The 3-week intensive Program on Design, Partnering, Management and Innovation (DPMI) equips activists, students, and young professionals with social change tools, skills-based learning, and theoretical knowledge to spark change both domestically and internationally.
Founded in 2003, the DPMI certificate program has more than 2,200 alumni, who consistently report that they use what they have learned in DPMI to enter or advance a social justice career. Today, DPMI aims to help participants respond to the question “What do social justice activists need to know to successfully promote high-impact, sustainable initiatives that address local priorities?” To do that, the program draws on the experience of practitioners working to address the systemic causes of poverty, injustice, and vulnerability and places a heavy emphasis on social change tools and an exploration of identity and power. Participants gain hands-on experience with human-centered design, social entrepreneurship, transparency, accountability, and collaboration while engaging with real organizations, communities, and applications. Learn more about Beryl Levinger, DPMI’s program director, here.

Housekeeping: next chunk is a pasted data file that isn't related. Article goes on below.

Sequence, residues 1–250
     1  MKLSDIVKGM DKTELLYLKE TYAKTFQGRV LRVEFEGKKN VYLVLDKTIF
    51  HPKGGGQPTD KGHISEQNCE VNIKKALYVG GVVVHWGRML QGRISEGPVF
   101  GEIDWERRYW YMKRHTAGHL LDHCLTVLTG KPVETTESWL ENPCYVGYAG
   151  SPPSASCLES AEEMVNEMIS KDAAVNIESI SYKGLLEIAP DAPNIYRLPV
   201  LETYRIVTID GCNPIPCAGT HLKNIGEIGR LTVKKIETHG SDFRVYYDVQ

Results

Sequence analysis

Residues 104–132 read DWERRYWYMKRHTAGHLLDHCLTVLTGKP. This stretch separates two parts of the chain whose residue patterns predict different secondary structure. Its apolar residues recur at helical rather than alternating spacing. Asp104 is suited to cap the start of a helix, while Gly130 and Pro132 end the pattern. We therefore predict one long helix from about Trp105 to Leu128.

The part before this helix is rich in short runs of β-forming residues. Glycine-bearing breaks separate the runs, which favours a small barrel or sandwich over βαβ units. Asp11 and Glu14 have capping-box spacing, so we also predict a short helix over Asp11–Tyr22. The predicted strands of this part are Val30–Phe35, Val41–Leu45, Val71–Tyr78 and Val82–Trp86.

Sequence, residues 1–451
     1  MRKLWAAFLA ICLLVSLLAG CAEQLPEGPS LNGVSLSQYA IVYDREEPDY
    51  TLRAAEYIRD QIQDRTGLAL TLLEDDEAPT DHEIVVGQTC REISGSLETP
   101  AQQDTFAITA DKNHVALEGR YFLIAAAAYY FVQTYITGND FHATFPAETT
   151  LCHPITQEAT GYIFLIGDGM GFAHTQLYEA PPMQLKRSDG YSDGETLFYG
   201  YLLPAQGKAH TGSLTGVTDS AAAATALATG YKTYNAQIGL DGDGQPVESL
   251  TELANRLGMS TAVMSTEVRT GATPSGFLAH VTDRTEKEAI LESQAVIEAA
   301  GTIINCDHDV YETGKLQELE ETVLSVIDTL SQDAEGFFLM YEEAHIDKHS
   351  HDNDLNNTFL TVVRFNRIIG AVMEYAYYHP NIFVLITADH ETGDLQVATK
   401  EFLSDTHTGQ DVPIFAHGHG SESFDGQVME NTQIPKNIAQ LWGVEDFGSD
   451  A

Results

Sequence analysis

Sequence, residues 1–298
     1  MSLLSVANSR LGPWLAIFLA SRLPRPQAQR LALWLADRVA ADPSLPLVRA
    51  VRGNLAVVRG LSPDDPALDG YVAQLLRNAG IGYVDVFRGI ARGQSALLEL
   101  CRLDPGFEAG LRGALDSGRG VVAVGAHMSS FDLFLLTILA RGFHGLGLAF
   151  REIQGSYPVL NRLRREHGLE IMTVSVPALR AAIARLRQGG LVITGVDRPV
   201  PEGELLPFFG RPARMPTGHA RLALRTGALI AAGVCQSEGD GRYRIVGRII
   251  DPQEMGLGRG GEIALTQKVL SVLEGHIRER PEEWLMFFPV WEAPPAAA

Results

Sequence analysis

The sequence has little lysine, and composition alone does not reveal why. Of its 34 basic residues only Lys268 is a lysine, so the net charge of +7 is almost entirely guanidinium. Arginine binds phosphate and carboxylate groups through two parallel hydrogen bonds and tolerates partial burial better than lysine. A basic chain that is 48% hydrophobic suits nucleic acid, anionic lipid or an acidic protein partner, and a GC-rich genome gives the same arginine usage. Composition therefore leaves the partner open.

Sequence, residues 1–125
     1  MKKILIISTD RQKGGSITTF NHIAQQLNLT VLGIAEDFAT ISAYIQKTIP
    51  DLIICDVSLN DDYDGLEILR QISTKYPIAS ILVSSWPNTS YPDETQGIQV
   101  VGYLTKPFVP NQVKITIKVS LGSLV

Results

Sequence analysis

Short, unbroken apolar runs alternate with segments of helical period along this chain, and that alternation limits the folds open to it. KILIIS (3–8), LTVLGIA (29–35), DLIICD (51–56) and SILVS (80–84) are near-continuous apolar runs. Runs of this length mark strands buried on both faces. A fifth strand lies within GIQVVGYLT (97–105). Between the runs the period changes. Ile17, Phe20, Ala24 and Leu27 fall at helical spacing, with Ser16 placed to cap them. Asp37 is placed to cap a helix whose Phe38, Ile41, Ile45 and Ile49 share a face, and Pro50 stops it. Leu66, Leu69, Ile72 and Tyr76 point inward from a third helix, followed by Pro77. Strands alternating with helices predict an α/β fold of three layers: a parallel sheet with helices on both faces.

- Engage in team-based problem-solving, client interaction, peer-to-peer feedback, and coaching from DPMI faculty
- Conduct formal and informal community interviews to gain a multi-stakeholder perspective
- Co-create theories of change with local actors
- Use Agile Principles, tools, and frameworks to identify potential areas for innovation and improvement
- Apply human-centered design principles to generate new ideas that are tightly linked to user needs and preferences
- Practice timeboxing and the use of solid metrics to rigorously test innovations
- Generate creative, compelling responses to funding opportunities
In 2021, DPMI moved from its founding institution, the Middlebury Institute of International Studies at Monterey, to Root Change. The first Root Change DPMI cohort worked closely with representatives from the Sitka Tribe of Alaska (STA) to address challenges faced by tribal citizens including high unemployment, food insecurity, as well as the consequences of systemic racism and discrimination. Together, participants and STA program managers identified potential enhancements to existing programs using a “lean experiment” approach. They also collaborated on strategies to foster empowerment through the transmission of local cultural values and traditions. In the program’s final week, participants crafted funding proposals to help tribal citizens achieve food sovereignty. To complete this project, participants conducted extensive interviews with tribal representatives, received ongoing feedback on their work from multiple stakeholders, and used a wide array of analytic tools to generate rich insights into the local context.